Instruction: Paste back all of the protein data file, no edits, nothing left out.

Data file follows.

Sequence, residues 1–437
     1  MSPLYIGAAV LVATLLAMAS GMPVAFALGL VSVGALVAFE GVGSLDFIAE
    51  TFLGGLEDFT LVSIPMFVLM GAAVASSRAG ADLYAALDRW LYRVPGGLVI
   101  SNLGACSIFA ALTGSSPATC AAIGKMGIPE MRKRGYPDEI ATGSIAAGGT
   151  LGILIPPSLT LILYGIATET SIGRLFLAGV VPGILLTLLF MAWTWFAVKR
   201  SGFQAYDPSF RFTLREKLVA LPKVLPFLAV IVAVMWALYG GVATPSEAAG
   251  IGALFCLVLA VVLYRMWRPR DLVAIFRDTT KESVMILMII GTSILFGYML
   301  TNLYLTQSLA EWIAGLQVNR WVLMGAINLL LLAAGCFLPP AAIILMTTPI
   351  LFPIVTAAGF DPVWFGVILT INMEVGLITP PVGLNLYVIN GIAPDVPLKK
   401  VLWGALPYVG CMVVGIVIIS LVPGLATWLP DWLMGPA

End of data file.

Sequence, residues 1–437
     1  MSPLYIGAAV LVATLLAMAS GMPVAFALGL VSVGALVAFE GVGSLDFIAE
    51  TFLGGLEDFT LVSIPMFVLM GAAVASSRAG ADLYAALDRW LYRVPGGLVI
   101  SNLGACSIFA ALTGSSPATC AAIGKMGIPE MRKRGYPDEI ATGSIAAGGT
   151  LGILIPPSLT LILYGIATET SIGRLFLAGV VPGILLTLLF MAWTWFAVKR
   201  SGFQAYDPSF RFTLREKLVA LPKVLPFLAV IVAVMWALYG GVATPSEAAG
   251  IGALFCLVLA VVLYRMWRPR DLVAIFRDTT KESVMILMII GTSILFGYML
   301  TNLYLTQSLA EWIAGLQVNR WVLMGAINLL LLAAGCFLPP AAIILMTTPI
   351  LFPIVTAAGF DPVWFGVILT INMEVGLITP PVGLNLYVIN GIAPDVPLKK
   401  VLWGALPYVG CMVVGIVIIS LVPGLATWLP DWLMGPA